Happy New Year! I loved this wonderful post on Lunar New Year by one of my favorite blogs, Fakequity (get it? Fake Equity? Motto: “FAKEQUITY IS BAD. IT SHOWS UP AS ALL TALK AND NO ACTION.”) The author talks about their love of the Lunar New Year traditions in many Asian cultures, and that “One of the reasons I love lunar new year is it the only Asian holiday even remotely recognized in the US and Western society.” They then lament those times when organizations schedule random events on Lunar New Year: “The rant sounds like this: ‘One day! Can we get one day to celebrate? Why did they schedule on this day?!?’”
A couple of years back, an organization I’m in scheduled an event on (IIRC) Purim. We were quite properly called on it, and rescheduled. At that time, determined not to make the same mistake, I went into my Google Calendar and checked a bunch of boxes to add a variety of culturally significant holidays:
After reading the Fakequity post, I went to check whether this had resulted in adding Lunar New Year and … of course not. What’s worse, this is the full list of religious holidays Google lets you add. After that, it has a very long list of country holidays you can add:
And so on. So there’s no generic way to add Hindu or other religions’ holidays, Indigenous holidays, or cultural holidays of other parts of Asia or Africa. To make sure I got at least Chinese cultural holidays, I checked “Holidays in Taiwan,”** which helpfully added such things as “Farmer’s Day.”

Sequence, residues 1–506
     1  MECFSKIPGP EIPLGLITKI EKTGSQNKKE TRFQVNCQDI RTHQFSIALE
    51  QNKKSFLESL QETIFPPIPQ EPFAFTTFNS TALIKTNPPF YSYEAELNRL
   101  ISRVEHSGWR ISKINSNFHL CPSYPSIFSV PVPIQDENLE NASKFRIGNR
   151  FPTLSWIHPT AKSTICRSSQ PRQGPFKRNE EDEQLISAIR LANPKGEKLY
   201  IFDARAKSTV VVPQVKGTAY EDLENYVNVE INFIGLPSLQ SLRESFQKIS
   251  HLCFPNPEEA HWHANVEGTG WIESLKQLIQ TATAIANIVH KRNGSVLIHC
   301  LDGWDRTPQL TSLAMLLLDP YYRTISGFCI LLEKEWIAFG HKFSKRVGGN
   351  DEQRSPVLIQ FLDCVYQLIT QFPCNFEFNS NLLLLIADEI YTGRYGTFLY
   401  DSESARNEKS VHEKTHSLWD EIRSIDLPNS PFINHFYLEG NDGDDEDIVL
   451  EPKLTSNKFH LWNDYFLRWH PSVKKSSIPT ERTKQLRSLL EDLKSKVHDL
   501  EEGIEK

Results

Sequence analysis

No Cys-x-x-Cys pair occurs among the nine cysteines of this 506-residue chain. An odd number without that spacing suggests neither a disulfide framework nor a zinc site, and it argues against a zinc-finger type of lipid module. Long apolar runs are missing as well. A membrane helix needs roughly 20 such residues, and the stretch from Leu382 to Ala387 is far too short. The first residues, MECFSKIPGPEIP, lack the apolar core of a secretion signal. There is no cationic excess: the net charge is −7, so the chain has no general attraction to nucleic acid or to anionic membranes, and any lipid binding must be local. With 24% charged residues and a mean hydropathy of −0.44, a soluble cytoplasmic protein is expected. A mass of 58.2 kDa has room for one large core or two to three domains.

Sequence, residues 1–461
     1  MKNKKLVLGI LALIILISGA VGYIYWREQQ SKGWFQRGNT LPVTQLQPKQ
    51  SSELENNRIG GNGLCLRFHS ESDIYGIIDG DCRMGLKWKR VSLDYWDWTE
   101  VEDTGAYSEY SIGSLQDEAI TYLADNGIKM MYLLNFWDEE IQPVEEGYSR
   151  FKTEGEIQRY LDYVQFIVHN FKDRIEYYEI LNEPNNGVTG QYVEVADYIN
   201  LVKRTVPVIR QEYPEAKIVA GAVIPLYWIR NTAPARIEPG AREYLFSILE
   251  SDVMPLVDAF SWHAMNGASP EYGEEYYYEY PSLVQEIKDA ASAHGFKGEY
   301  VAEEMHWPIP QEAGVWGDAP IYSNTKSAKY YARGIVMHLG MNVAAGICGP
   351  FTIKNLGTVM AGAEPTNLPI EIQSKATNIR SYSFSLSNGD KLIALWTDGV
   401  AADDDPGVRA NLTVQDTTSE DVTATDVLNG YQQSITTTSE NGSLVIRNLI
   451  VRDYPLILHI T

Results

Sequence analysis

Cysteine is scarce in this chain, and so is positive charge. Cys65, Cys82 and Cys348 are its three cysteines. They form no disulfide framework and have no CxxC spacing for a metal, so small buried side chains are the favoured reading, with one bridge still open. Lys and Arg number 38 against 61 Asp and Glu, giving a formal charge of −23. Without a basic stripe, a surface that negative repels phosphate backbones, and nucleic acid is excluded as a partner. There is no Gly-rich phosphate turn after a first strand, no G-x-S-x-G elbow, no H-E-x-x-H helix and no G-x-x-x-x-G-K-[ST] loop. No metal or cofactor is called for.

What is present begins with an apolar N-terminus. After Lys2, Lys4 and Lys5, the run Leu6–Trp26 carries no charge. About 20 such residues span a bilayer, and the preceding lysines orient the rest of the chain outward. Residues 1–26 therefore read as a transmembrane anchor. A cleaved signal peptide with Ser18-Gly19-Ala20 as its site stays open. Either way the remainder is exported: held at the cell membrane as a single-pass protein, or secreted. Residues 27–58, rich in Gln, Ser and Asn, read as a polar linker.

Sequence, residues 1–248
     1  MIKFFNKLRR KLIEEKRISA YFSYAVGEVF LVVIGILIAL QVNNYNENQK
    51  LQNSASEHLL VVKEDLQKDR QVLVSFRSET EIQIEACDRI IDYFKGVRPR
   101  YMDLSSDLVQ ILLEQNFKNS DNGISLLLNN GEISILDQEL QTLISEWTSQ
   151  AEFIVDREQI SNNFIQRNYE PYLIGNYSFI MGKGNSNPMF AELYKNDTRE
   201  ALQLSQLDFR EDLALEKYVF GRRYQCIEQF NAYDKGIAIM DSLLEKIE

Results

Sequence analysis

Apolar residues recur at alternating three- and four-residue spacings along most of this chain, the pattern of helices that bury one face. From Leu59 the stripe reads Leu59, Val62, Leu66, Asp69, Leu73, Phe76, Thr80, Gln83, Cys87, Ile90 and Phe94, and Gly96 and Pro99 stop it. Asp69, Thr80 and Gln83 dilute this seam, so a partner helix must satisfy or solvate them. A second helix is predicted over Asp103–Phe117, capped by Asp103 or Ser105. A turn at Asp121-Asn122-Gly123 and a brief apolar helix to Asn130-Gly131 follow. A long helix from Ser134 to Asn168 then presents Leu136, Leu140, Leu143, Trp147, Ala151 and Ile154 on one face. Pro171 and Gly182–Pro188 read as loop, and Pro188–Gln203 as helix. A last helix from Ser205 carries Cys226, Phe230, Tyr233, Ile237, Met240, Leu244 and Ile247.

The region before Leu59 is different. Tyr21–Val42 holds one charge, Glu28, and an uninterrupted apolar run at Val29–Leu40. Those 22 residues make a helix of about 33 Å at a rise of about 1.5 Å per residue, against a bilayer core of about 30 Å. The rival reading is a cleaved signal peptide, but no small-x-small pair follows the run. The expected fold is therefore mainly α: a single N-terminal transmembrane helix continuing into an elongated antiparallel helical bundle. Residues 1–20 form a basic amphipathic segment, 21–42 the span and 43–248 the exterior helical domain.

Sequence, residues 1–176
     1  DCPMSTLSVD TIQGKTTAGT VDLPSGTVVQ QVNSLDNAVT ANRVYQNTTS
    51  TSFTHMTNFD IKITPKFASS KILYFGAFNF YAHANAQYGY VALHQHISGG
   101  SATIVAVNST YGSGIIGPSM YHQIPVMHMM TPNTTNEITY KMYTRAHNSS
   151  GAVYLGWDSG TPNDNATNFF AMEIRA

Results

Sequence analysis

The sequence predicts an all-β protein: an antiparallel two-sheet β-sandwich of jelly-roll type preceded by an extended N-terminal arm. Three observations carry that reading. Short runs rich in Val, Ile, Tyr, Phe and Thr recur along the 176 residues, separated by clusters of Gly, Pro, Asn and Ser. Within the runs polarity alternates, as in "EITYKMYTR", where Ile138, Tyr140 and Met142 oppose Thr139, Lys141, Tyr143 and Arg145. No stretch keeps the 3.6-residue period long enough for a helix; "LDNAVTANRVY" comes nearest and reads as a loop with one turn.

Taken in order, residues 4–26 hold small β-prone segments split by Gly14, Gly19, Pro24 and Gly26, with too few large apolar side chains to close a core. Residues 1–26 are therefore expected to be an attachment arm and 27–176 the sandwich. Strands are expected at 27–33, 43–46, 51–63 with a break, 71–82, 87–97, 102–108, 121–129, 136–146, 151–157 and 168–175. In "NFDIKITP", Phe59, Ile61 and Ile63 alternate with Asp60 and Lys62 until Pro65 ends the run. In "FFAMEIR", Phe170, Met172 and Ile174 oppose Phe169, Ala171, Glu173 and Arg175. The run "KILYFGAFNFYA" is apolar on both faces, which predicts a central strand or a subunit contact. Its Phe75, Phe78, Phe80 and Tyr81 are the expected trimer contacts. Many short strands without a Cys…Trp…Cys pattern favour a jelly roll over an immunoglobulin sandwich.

Fakequity to the rescue again! Early this year, they created a list of “2019 Culturally Significant Dates and New Years (x15).”*** These are all going in CREEC’s calendar so we can do our best to respect these diverse holidays. And also find ways to enjoy culturally significant food throughout the year!
*Or “Gong Shi Gong Shi” if you were lucky enough to study Chinese at Middlebury summer language school sometime in the late 1970s and become completely unable to read any other, much more popular, system of Romanization.
**Why Taiwan and not China? Because I lived there for three years in the early 1980s and still miss it.
***In this post you will find another of the many reasons I love Fakequity. In listing the holidays, it says; “Below is a graphic to share. … I’ve listed the text below [the graphic] for people who want to use a text-to-speech reader …”